The debate on photocopying for education and whether it violates copyright laws, has been brewing since 2012, when some publishers sued Rameshwari Photocopy Service shop at the Delhi School of Economics for making and selling “coursepacks”.
Earlier this month, the Delhi High Court sought to put the matter to rest, saying that photocopying of copyrighted material for educational use was allowed under the Indian Copyright law.
The Indian Express spoke to students and teachers to understand why the photocopy business continues to thrive.
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As an MSc student of Physics at Delhi University, Kabir Singh, says he is expected to read several books as part of his research on astronomy and astrophysics. One such book is the three-volume series on Theoretical Astrophysics by T Padmanabhan. A search on the Amazon website shows that the hardcover issue of the third volume alone costs Rs 16,619.
Similarly, the latest edition of Spectrometric Identification of Organic Compounds Paperback — an essential reading for all MSc Chemistry students — costs about Rs 17,000 on an online book store.
Most books prescribed to undergraduate science students cost upwards of Rs 500.
“Science books are generally very expensive, and everyone can’t afford them. Photocopying is a cheaper, viable alternative,” says Singh. “Plus, the same subject is taught by four teachers, all of who prefer different books. But we don’t need the entire books, only certain chapters.”
It’s not just science books that cost a bomb, though. Across the board, price remains one of the biggest factors why students — many of them living in the capital on shoestring budgets — prefer to photocopy books. “In my first year, I used to buy books, but then I realised I’m wasting my money because I just refer to one chapter,” says Ankrish Khanna, a final-year student of Political Science at Hindu College.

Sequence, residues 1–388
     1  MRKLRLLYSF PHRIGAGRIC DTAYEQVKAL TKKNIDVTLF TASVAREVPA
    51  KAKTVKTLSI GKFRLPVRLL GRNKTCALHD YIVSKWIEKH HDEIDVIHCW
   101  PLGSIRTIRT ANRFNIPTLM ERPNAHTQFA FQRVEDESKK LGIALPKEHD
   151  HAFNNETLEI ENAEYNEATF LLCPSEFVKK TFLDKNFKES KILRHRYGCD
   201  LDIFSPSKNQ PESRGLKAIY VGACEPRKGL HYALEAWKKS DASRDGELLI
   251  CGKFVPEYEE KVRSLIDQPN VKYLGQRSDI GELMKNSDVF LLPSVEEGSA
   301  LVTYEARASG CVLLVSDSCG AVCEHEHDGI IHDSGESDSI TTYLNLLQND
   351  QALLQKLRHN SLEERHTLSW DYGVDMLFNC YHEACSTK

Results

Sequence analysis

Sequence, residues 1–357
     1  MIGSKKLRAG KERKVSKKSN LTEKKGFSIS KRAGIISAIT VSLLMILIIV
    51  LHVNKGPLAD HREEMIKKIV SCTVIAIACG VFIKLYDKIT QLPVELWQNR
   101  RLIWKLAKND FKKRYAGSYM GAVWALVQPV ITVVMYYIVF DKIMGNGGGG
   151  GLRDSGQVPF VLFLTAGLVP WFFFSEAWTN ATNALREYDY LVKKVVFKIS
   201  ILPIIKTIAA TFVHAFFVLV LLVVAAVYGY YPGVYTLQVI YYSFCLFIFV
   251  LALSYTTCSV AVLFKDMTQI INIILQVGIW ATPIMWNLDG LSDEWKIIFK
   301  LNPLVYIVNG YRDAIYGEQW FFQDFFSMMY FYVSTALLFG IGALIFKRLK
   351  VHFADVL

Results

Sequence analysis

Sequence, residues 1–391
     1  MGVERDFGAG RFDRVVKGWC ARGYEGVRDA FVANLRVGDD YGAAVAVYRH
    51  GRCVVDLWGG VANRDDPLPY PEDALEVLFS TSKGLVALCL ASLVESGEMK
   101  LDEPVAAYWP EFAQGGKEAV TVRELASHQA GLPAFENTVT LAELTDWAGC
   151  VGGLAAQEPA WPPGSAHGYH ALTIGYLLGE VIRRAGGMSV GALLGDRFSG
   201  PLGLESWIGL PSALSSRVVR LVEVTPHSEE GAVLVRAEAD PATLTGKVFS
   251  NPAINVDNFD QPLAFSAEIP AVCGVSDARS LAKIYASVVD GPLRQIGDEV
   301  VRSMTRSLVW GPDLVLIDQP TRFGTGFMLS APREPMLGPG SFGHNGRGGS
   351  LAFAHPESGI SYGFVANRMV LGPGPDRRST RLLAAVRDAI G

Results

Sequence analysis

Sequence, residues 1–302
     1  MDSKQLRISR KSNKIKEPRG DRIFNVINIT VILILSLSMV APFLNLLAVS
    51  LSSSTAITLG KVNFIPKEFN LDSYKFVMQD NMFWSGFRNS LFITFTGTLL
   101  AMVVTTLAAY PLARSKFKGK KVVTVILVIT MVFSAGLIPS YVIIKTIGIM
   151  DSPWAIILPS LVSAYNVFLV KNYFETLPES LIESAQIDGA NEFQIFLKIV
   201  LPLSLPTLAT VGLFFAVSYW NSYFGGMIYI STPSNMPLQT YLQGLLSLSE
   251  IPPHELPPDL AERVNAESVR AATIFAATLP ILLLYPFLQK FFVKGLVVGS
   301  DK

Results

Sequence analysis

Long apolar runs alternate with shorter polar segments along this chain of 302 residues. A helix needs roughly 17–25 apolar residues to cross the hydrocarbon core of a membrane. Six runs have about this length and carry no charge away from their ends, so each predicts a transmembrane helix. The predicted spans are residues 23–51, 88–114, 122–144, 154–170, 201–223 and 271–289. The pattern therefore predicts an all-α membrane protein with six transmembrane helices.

Sociology professor Nandini Sundar estimates that if students are told to start purchasing all the books they need for their course — MA in Sociology, for example — they would have to shell out as much as Rs 56,000 per semester, or Rs 2.6 lakh for their entire course.
“There are, on an average, 15-30 readings, of which 20 are books or extracts from books. Our students do four courses a semester and 16 during a two-year MA. If an average book costs Rs 700, we are talking Rs 14,000 per course, or Rs 56,000 per semester… Economics textbooks are even more expensive — they cost around Rs 9,000 on an average,” she says.
Sundar is right — even the most basic books for Economics can burn a hole in the pocket. Hardcover versions of Optimization in Economic Theory and Microeconomic Theory, both published by Oxford University Press, for example, cost Rs 37, 827 and Rs 10,900 online, respectively.
Some old problems
Not just books; old notes by seniors are in demand too. “If one of us gets notes from a senior, we get it photocopied and share with friends,” says Manya Ahuja, a third-year Economics student at SGTB Khalsa. Many photocopy shops have readymade bundles of notes that once belonged to a “topper” from an earlier batch.
Hindi-medium students, in particular, have to rely on photocopied notes. “Most of our books are in English, so we are mostly dependent on seniors’ notes, which are photocopied and passed on through generations,” says Om Prakash, a student of MA Political Science at DU.
For a lot of students, ill-equipped libraries pose a problem. Final-year History (Hons) students at Lady Shri Ram College, specialising in American History, say there is just one copy of Give Me Liberty: An American History by Eric Foner (Rs 4,500) in the college library — which they’re all supposed to access.